THE UK’s top share index retreated from a key technical level yesterday, with bank stocks hammered after being hit by a downgrade from credit rating agency Fitch just a week after rival Moody’s.
Barclays fell 7.4 per cent, while RBS closed 6.4 per cent lower and Lloyds lost 5.5 per cent.
Trade data from China also revived concerns about weak economic growth, which hit heavy-weight mining stocks. China reported that its trade surplus narrowed in September for a second month in a row as growth in exports and imports both came in below forecasts.
The International Monetary Fund warned that near-term risks to Asia’s economies are “decidedly” rising, while a Reuters poll found that stagnation is probably the best many of the world’s biggest developed economies can hope for over the next year.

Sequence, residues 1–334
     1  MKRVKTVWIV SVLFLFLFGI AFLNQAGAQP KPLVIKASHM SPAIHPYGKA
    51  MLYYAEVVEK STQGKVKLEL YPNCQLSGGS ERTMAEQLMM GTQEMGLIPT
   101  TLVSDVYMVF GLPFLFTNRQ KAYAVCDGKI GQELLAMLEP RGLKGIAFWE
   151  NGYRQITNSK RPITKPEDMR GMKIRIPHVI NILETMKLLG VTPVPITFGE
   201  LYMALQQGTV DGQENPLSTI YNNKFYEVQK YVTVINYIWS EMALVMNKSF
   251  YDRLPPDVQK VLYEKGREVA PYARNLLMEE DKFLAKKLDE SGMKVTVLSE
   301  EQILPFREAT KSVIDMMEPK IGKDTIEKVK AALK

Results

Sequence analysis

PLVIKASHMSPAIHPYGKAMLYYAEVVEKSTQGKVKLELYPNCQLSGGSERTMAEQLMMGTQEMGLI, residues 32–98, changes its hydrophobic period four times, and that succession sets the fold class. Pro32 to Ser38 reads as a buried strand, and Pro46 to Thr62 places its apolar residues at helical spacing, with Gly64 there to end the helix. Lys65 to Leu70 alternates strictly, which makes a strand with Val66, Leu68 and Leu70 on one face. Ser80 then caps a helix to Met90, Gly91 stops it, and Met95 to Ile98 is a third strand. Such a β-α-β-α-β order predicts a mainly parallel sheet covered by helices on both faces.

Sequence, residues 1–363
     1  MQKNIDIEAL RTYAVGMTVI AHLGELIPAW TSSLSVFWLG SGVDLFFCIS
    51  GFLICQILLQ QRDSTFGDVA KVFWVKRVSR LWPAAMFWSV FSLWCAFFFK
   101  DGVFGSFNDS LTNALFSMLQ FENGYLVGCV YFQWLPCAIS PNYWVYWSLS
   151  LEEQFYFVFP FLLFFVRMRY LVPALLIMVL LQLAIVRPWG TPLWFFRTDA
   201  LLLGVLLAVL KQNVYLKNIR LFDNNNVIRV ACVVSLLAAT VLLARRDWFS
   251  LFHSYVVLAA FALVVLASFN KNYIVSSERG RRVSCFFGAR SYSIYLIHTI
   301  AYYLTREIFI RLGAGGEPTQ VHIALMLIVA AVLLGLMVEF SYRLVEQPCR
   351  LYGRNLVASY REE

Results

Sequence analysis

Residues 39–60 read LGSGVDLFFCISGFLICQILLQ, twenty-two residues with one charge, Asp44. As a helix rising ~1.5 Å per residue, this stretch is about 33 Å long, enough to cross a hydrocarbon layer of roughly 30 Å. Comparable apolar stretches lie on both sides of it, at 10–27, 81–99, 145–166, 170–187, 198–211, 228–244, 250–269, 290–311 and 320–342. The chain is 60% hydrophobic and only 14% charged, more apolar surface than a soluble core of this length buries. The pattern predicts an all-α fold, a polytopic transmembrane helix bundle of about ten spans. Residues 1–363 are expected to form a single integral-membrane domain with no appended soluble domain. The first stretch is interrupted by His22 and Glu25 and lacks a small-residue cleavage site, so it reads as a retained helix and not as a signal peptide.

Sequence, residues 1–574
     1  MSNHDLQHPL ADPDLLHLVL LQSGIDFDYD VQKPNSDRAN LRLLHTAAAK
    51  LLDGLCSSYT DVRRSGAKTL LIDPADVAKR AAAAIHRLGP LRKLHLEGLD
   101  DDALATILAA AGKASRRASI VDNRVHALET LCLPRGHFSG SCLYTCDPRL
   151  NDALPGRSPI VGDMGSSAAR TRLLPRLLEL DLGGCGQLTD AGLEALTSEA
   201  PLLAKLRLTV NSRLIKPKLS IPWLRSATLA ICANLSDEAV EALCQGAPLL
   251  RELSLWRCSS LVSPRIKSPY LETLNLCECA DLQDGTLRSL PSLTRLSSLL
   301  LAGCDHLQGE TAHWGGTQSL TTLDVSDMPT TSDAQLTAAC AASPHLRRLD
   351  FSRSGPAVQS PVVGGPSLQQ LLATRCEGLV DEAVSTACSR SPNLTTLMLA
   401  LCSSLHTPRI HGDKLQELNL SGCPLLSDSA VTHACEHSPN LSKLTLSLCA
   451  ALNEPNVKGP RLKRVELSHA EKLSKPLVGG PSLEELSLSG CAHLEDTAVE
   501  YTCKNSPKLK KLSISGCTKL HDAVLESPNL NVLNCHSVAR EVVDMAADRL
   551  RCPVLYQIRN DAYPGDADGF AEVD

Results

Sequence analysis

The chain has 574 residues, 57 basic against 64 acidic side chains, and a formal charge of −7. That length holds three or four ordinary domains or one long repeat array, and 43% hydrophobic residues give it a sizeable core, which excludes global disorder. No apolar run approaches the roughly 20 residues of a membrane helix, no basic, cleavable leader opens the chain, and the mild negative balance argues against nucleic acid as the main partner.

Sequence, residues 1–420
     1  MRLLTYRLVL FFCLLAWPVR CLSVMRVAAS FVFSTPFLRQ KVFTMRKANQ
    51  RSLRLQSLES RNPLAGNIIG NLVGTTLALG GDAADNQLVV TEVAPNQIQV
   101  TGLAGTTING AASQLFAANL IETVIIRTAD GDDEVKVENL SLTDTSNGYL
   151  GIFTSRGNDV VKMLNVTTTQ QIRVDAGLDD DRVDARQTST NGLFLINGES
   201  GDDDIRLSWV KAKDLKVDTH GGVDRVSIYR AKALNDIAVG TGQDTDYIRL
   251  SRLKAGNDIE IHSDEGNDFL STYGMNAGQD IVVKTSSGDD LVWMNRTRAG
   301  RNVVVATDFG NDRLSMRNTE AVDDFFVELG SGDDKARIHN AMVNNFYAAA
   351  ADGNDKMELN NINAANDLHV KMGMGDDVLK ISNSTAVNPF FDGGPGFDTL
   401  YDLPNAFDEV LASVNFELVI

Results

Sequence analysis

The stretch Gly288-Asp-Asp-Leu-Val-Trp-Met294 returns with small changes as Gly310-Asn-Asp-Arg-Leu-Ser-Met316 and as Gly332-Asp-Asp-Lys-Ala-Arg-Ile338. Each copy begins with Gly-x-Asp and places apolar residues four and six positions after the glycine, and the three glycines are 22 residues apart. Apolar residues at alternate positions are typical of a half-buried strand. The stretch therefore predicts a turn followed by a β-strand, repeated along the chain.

The dim view of global growth was the catalyst for investors to cut their positions in the mining sector, which had run up almost 20 per cent of gains in the last seven trading days.
Even Rio Tinto wasn’t spared in the broad-based sell-off, falling 2.3 per cent despite a bullish quarterly update and outlook statement.
Anglo American fell almost 4.7 per cent as analysts said if Chilean state copper giant Codelco exercised an option to buy a 49 per cent stake in Anglo American Sur, it could stunt the miner’s growth strategy.
There could be more reaction from miners today after the release of Chinese inflation data, which will be used to gauge the likely next steps for Chinese monetary policy. The main driver for stock gains over the previous week has been attributed to Eurozone politicians making more positive comments about shoring up the region’s battered banking sector and solving the debt crisis.
“The hot air that has lifted these markets of late, based largely on more sustained confidence in our Eurozone leaders executing a plan is quite bewildering,” said Mike McCudden at Interactive Investor.